Dr Lindsay Dewa, Research Fellow in Public Health, School of Public Health

“We worked together with young people to conduct a mixed methods study to understand how COVID-19 lockdown has affected their mental health and how they are coping.” 

Woof! I start my day as I did before the UK lockdown began – with a stare from Baxter. Baxter – our border terrier – has really improved my wellbeing through lockdown. Keeping to our routine of walks, dinner and play has given me company through the lockdown, when it was not possible to see my partner, friends or family.

As a Mental Health First Aider, I’ve reached out to friends, family and colleagues to make sure they are okay, and they’ve checked in on me too! We have all been there for each other. Looking after your own wellbeing is so important. Dog walks, drawing and good sleep are ways that I’ve kept mentally well. 

Sleep has always been important to me. I completed my PhD at the University of Manchester in 2017, which explored how people were sleeping in UK prisons. When I finished, I moved to London and joined the NIHR Patient Safety Translational Research Centre (PSTRC)Institute of Global Health Innovation at Imperial to become a Research Associate in their mental health arm.  

Since then, now as a research fellow, I’ve been working hard to put mental health at the top of the agenda at Imperial, using mixed methods approaches and working with people with experience of mental health difficulties as research partners, not participants. Working together through all stages of the research project is called co-production.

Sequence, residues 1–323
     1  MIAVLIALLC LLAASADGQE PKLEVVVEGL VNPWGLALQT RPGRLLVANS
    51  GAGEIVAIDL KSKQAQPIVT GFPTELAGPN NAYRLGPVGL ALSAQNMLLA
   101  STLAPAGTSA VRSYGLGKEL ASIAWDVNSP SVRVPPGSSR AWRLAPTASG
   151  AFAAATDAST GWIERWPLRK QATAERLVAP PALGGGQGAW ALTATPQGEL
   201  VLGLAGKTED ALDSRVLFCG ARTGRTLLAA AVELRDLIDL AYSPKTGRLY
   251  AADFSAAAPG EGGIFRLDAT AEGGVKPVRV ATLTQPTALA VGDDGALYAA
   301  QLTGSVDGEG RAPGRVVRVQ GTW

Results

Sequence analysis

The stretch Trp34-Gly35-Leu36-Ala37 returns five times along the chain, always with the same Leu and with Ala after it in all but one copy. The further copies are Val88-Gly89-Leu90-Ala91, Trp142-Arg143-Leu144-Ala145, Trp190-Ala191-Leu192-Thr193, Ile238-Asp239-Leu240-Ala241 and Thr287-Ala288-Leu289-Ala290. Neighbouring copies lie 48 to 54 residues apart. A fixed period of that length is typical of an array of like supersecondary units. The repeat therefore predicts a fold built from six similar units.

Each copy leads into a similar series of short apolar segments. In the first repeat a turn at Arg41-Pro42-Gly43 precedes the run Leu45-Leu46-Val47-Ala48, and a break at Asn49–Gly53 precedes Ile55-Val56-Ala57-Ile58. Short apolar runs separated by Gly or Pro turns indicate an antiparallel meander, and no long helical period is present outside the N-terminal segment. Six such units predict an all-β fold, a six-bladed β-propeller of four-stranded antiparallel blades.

Despite the COVID-19 lockdown, we continued to co-produce our project called CCopeY. We worked together with young people to conduct a mixed methods study – national survey first and then in-depth interviews – to understand how COVID-19 lockdown has affected their mental health and how they are coping during lockdown. Some young people have really struggled with their mental health during lockdown and yet most have found a way to cope – maintaining a routine, using distraction techniques and being outside were identified as key strategies.   

Usually I interview people face-to-face, but I was able to push this project forward despite working from my spare bedroom by using different innovative techniques and technologies. For example, we have used Microsoft Teams to conduct our interviews, Jamboard to collate ideas on virtual post-it notes and Trello to change, edit and move “codes” taken from our interviews. Technology has really helped life, connection and my research continue. 

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